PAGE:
A Peek At Three-Minute Fiction Entries
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GUY RAZ, host:
For the past five weeks, we've been going through thousands of stories you all sent in for this round of Three-Minute Fiction here on WEEKENDS ON ALL THINGS CONSIDERED. The challenge this time, each story had to have a character who cried and a character who told a joke.
Now, thousands of stories came in, and we're reading each and every one closely. Our judge, the novelist Chimamanda Ngozi Adichie, hopes to have a winner picked in the coming weeks. But in the meantime, here are excerpts from a few more stand-out stories.
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SUSAN STAMBERG: (Reading) Ruth needs to rest her elbows on the table these days, even to reach out and cut a piece of the little yellow cake I bought at the supermarket. She slaps a thin slice onto her plate and pulls it towards her. What would my mother have said to see me leaning on the table like this, she laughs quietly and shakes her head.
Between bites, she tells me to look through her Christmas cards, stacked in a basket on her bureau. She used to tape them all up on her door, red and green and gold cards open for the reading, rolls of stamps on her table for the cards she'd send in return, even if took her well into January. Now, the standing, the bending, the lifting her arms above her head to tape up the cards isn't worth the pain it causes.
I rifle through the cards as she grows more bored with the silence. What do old age and Las Vegas have in common, she asks me. I shake my head. I forget, she says, with a small smile.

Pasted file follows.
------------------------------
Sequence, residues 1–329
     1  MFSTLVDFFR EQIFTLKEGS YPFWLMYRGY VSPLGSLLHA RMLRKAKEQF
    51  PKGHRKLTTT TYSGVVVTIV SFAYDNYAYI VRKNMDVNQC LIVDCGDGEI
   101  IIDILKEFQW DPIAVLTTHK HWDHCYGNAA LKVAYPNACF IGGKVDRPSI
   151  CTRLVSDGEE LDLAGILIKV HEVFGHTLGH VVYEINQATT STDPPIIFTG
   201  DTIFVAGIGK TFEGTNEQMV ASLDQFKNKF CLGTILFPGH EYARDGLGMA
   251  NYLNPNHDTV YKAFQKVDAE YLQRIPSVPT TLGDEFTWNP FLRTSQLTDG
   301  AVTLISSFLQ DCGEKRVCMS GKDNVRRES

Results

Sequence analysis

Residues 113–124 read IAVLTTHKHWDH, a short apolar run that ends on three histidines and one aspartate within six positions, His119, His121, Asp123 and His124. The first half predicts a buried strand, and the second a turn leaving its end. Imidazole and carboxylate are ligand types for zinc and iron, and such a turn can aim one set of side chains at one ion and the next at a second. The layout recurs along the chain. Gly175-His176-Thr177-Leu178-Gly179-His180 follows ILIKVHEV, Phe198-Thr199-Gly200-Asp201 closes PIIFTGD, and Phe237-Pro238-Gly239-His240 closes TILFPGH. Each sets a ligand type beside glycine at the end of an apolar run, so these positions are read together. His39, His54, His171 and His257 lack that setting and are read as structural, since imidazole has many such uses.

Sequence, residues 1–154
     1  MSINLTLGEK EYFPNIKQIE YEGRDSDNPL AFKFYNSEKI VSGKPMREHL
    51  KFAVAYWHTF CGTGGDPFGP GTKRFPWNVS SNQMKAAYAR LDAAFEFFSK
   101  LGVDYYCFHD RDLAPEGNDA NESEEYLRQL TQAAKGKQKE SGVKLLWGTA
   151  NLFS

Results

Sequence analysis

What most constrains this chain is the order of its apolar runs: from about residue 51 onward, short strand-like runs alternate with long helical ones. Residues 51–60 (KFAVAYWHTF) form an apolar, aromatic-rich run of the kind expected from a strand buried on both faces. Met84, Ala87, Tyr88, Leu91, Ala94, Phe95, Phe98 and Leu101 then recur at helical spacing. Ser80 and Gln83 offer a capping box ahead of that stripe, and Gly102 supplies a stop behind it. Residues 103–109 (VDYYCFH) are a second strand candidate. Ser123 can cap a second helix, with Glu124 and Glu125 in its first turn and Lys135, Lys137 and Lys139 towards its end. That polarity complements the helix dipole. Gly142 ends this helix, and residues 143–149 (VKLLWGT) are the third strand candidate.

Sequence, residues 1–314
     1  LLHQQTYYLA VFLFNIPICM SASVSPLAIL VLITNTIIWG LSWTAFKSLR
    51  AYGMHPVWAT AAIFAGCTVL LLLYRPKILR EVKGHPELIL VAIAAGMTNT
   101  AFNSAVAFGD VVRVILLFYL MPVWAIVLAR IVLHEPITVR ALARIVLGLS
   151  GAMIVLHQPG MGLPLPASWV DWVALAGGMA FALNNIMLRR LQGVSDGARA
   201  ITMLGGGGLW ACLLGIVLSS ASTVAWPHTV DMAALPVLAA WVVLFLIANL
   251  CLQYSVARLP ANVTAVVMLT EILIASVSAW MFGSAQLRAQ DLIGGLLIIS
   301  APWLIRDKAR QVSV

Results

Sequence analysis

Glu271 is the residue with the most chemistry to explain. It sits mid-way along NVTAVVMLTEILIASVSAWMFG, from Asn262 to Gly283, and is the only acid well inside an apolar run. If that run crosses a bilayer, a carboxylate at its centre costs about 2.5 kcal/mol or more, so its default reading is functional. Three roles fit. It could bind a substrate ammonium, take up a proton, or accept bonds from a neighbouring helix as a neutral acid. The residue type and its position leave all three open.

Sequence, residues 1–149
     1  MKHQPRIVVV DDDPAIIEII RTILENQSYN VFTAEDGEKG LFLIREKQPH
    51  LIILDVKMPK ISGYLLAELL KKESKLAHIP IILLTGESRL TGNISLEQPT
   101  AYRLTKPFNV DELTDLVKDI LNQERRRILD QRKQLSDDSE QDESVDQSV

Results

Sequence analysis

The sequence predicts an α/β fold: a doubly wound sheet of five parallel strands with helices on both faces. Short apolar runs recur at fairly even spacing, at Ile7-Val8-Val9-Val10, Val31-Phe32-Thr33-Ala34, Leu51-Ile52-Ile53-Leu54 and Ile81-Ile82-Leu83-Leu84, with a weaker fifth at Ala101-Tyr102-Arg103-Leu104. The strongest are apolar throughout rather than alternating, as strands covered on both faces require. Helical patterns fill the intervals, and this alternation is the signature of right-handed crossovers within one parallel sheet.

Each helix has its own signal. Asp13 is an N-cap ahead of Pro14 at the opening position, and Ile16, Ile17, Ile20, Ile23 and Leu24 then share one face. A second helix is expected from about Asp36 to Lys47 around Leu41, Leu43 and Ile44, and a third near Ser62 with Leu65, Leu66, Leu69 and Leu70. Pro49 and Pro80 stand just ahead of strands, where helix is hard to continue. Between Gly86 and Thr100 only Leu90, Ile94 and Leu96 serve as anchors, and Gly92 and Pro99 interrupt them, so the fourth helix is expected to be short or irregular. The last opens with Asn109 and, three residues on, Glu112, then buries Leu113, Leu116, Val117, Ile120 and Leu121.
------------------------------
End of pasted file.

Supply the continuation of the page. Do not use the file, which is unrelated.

BOB MONDELLO: (Reading) At the grocery store, my wife and I spend an hour walking in circles looking for beer. Our new American friends must think that we are suffering from the effects of the war. Our search yields nothing. So we go to the cashier, in the dictionary, we locate the word pivo and point to the American equivalent, beer.
The cashier smiles. She turns the pages until she finds the word she wants: dry. My wife and I are horrified. Does this mean what I think it means, Alma says in Bosnian? Oh, dear God, I say. We've come to a place where you can't buy beer unless it's raining? Recent refugees stuck in a small Kentucky town and no beer? Fate indeed is cruel. But we are good legal aliens. We wait for a rainy day.
This time, we go straight to the cashier. Alma, wanting to practice her English, says: Today is raining. Please beer. Beer, the cashier says, her eyes open wide. Yes, Alma confirms, beer. Where, the cashier asks, alarmed. Alma and I look at each other. Why is the cashier asking us where the beer is? While we are sorting this out, the cashier starts yelling, bear, there's a bear in the parking lot.
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RAZ: That was NPR's Bob Mondello and Susan Stamberg reading excerpts from "Let it Rain," by Alen Hamza of Louisville, Kentucky and "Courtesy," by Meridith Sine of New York city. You can read the full versions of these stories and others at our website, that's npr.org/threeminutefiction. And that's threeminutefiction all spelled out, no spaces.
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